For UVA Health geriatrician Laurie Archbald-Pannone, MD, the pandemic-driven transition to telehealth inspired a years-long effort to optimize this technology not only for her patients, but for all older adults.
In collaboration with West Health Institute and Mid-Atlantic Telehealth Resource Center (MATRC), Pannone developed the Collaborative for Telehealth for Aging. This effort brings together more than two dozen experts from across the country.
The objective? Establish a framework of best practices for all clinicians to ensure that telehealth hastens — rather than hinders — care for older patients. These guidelines will soon be available to care clinicians nationwide via the Center of Excellence for Telehealth and Aging (CE4TA), an online resource center and community.
What the Pandemic Taught Us
Like most health systems, UVA Health quickly pivoted to telehealth in March 2020 in response to COVID restrictions. “There were times when it worked great. And there were times when it could have been implemented better,” says Archbald-Pannone, who has worked since 2008 at the UVA geriatrics outpatient clinic at the Jefferson Area Board for Aging. She adds, “We’ve now had time to bring together experts to assess the data and see what we’ve learned about telemedicine over the past couple of years.”
A few key takeaways from the collaborative’s assessment:
- It's wrong to assume telemedicine would not appeal to older adults.
- Telemedicine visits are comparable to in-person visits in terms of clinical outcomes.
- We have to know when telemedicine is the right tool to use and how to tailor it to meet their needs.
“What we’ve learned not just from our work, but nationally through large-scale surveys, is that, like any demographic, the population of older adults is diverse. Some people are very interested in new technology and new ways of doing things, and some are not,” says Archbald-Pannone.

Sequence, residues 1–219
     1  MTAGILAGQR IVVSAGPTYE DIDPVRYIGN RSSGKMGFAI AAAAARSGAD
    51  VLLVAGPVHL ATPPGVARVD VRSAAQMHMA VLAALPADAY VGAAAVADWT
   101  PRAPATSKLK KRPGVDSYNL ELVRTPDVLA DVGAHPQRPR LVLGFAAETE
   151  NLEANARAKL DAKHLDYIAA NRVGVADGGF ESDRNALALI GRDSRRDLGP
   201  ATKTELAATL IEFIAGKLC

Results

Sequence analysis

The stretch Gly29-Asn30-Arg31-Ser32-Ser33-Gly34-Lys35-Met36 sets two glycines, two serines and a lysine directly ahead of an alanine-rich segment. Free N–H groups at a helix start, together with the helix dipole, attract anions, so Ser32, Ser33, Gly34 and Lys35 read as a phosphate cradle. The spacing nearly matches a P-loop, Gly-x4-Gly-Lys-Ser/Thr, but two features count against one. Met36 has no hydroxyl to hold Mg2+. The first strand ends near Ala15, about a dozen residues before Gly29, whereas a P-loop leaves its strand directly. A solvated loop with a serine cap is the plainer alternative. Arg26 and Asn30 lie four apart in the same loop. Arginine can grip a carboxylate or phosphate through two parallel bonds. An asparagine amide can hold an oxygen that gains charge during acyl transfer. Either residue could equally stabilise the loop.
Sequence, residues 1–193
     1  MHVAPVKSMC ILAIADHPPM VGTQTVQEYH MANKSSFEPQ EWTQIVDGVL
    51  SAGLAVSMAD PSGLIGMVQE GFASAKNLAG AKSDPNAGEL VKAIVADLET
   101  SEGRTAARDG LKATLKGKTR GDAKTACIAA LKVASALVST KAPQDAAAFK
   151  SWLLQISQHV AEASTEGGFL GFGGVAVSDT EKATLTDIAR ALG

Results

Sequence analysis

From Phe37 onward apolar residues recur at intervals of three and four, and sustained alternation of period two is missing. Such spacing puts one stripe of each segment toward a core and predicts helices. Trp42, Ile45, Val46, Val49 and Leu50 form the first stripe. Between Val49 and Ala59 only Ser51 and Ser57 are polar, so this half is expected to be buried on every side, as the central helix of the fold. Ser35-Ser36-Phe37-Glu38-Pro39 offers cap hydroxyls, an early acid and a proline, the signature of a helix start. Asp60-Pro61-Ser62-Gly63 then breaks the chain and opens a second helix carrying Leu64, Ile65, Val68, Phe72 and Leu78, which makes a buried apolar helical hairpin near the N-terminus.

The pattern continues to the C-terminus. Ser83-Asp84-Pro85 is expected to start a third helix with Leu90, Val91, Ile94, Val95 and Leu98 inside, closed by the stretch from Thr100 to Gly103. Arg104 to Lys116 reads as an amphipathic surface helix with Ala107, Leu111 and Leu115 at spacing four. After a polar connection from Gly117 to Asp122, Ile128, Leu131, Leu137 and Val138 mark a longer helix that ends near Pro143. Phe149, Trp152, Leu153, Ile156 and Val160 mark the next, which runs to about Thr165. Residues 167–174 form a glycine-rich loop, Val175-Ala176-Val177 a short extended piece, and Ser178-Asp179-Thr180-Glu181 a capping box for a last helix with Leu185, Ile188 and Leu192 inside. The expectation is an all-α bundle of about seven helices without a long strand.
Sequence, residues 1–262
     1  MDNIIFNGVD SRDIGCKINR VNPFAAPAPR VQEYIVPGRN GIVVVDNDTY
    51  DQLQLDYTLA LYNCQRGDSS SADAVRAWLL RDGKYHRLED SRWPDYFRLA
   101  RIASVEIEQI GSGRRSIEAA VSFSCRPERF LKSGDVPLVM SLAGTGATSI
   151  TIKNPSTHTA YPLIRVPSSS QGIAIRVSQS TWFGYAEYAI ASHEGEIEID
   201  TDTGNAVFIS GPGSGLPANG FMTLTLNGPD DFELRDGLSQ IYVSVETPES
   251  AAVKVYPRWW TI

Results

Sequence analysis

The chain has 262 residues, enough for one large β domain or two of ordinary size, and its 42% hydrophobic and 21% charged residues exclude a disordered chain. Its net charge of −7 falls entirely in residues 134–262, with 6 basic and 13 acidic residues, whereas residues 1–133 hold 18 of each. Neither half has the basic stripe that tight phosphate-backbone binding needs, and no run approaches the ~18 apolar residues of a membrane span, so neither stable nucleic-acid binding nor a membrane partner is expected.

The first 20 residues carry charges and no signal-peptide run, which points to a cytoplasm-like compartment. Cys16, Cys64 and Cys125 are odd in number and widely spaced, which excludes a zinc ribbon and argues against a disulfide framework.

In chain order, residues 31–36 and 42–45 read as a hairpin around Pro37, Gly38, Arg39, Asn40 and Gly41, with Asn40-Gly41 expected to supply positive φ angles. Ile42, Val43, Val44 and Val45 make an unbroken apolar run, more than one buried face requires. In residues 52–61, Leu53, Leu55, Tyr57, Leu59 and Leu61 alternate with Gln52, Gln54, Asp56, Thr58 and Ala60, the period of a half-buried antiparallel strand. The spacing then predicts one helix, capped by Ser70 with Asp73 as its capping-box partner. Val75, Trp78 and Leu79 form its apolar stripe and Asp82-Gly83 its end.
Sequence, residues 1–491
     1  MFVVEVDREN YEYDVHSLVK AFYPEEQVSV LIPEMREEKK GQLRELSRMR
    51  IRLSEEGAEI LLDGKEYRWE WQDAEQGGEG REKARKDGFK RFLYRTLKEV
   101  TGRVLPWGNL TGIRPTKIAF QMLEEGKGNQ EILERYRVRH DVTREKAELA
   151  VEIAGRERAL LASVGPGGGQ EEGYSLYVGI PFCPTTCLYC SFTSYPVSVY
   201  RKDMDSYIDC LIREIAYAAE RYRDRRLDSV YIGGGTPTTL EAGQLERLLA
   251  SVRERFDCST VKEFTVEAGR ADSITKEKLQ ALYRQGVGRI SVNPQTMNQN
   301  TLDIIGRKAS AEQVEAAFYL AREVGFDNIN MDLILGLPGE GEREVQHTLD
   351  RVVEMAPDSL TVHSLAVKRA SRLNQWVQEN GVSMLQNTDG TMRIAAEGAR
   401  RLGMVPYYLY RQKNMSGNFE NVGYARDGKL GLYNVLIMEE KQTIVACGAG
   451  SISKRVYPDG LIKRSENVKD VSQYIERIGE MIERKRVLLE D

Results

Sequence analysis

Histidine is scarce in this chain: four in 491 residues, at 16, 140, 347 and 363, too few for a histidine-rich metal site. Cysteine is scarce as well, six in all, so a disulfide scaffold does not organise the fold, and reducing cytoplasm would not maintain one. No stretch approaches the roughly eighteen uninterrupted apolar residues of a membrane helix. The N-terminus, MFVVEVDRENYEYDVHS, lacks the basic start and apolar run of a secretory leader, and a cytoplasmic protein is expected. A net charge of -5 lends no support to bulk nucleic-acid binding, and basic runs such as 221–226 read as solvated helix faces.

“When we are developing telehealth programs, we have to be sure that we are not excluding those older adults who are open to using it and make sure they can use it efficiently and effectively.”
3 Principles to Guide Telehealth Practices for Older Adults
To help providers and health systems implement age-friendly telehealth practices, the Collaborative for Telehealth for Aging created a roadmap. The guidelines are based on 3 main principles.
Older patients should remain the center of decision-making related to their healthcare, including their goals, care preferences, and wishes regarding caregiver and family involvement.
To allow patients to make these decisions, it’s important to communicate a patient’s choices clearly. “The technology and concept of telehealth is foreign to many older adults, so the collaborative even considered how we might shape the language and explain this in a way they might understand,” says Kathy Wibberly, PhD, director of MATRC and director of research at the UVA Karen S. Reuban Center for Telehealth.
Equitable & Accessible
The same level of quality care should be available to all people regardless of age, socioeconomic status, physical or cognitive ability, or health and technological literacy.
“If done well, telehealth can increase access to especially vulnerable populations,” says Archbald-Pannone. “However, if accessibility is not a deliberate decision, then it may lead to further healthcare disparities. We have to account for factors like limited technology or limited resources to be sure we’re not furthering that gap.”
Integrated & Coordinated
Care provided via telemedicine should be integrated and coordinated with all other care provided to older adults.
“If you’re doing a telemedicine visit as a specialist, then the primary care physician should have access to that encounter. We’re all part of the care team,” says Archbald-Pannone.
“We have to ensure telemedicine visits aren’t standing alone, but that they’re part of our integrated system that all providers involved in the patient’s care have access to.”
Optimizing Your Telehealth Program for Older Adults
The CE4TA online resource center launches in January. In addition to sharing specific guidelines that adhere to the principles above, the new website will feature toolkits and practical resources, program recognition, as well as case studies.
“We’re curating the best of the best, those programs that align with the principles and guidelines for age-friendly telehealth. We’ll make those case studies available online so people can see examples,” says Wibberly.
“There are so many advantages of telehealth for older adults,” she adds. “We just have to adapt the way we use this technology — it may be a simple fix like increasing font size — so that it is accessible to this patient population.”